What More Can a Body Do?

Charisse Coleman

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You are in training, learning how to help people with the sorrows, fears, and angers they want to banish, the pains they wish to exorcise or learn to carry more lightly. You are introduced to a man with cancer. He is exactly your age. Forty-eight. The first time you meet is the second week of your internship as a clinical mental health counselor. You are in a medical exam room with the man, his wife, the oncologist, and a nurse, and the news is not good. The wife’s brow is furrowed in confusion, and she has begun to cry. The man has vaulted his compact, laborer’s body from his chair and is pacing a patch of floor that, because of the number of people in the small room, cannot measure greater than four by six feet. He turns his back on everyone to stare, momentarily, through the glazed slit of a window which cannot be opened.

The man has just been told that the tumor in his lung has continued to grow throughout the month he received chemotherapy. Turning away from the window to return to his seat, his eyes find yours, and now it is as if you were peering into a kaleidoscope of his emotions, a clacking tumble of bright, jewel-colored shards: fear, anguish, pleading, disbelief, outrage. In the same instant, his glance erupts in silent questions, Did you hear what he said? How can this be happening? What did I do wrong? Am I going to die soon? All as clear in your mind as if he had spoken. This has leapt through the man’s eyes in an incalculable instant; he has stared it right into you, a total stranger.

For this man, the next nine months will be filled with medical setbacks and recoveries, with decision after necessary decision and no happy options to choose from, with all the emotional gymnastics of attempting to adjust to ever-changing circumstances. The glimpse you had of his turmoil on that first day will become a familiar eloquence. Also a source of professional dismay as you find just how difficult it is to interrupt the continuous dive and swoop of his fears, their fevered search for places to land. His anxieties are so various, constant, and energetic that you begin to think they may be as much a part of him as his arms and legs, that they are, in fact, a way for him to know who he is. It will take the remainder of your training to appreciate just what a comfort they might be to him.

The one thing that will not change is his deepest wish, a wish even he knows is useless, but which he clings to as determinedly as a terrified child will clutch a scrap of blanket for protection. How many times in nine months will you hear him say, “I just want everything to go back to the way it was before”? How many times will you look into those wetly pleading eyes and feel your heart dip heavy, because as long as he tenders a belief in a guaranteed impossibility, he will continue to rock himself in a cradle of avoidable pain. You would lift him out of it if you could. But he’s the only one who can move himself from this static nostalgia for his pre-diagnosis life (a life that can never be recovered, regardless of the course of his illness), to an active desire and will to live now.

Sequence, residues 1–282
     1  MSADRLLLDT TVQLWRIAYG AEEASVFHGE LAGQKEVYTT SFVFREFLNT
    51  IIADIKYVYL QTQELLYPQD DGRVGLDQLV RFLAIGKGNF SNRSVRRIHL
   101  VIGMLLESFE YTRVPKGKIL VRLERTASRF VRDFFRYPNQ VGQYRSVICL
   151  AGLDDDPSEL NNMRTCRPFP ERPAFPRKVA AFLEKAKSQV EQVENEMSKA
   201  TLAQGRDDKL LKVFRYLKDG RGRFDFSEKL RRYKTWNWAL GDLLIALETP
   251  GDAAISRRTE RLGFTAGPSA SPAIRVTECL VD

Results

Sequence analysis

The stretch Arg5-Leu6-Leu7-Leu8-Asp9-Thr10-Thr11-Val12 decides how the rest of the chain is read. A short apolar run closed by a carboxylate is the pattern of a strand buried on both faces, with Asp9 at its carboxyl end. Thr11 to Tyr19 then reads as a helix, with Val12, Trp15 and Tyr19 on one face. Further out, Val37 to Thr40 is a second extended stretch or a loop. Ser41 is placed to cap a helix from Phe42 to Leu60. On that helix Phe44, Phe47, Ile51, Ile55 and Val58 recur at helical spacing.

Just how long does it take to realize that he isn’t really living anymore? A remark from his wife here, his own report, a comment from his grown daughter there, and you belatedly piece together that he just isn’t doing much of anything these days. Though he is muscular and, except for the tumor, in good health, though everyone from his medical oncologist to his radiology technician encourages him to ride his bike, go walking, take off for the beach for a few days, he will hardly leave the couch, much less the house. You suspect he is frozen in a paralysis of waiting. Waiting for this or that course of treatment to be over, waiting to feel strong again, waiting to go back to his job, waiting to be told he no longer has cancer, waiting to, at last, feel unfrightened—then he’ll get back to living.

He likes to walk, but is so scared he’ll collapse (an occurrence that, according to his doctors, is no more likely now than it was before his diagnosis) that he won’t do it, not even in his own neighborhood, not even with a cell phone in his pocket. He will not go to the beach: two-and-a-half-hours’ drive from the cancer center is too far to risk. He cannot bear for his wife to leave him alone for more than a few scant minutes at a time. (She carries around her fatigue, her desperation for a break, like a knapsack full of mud.)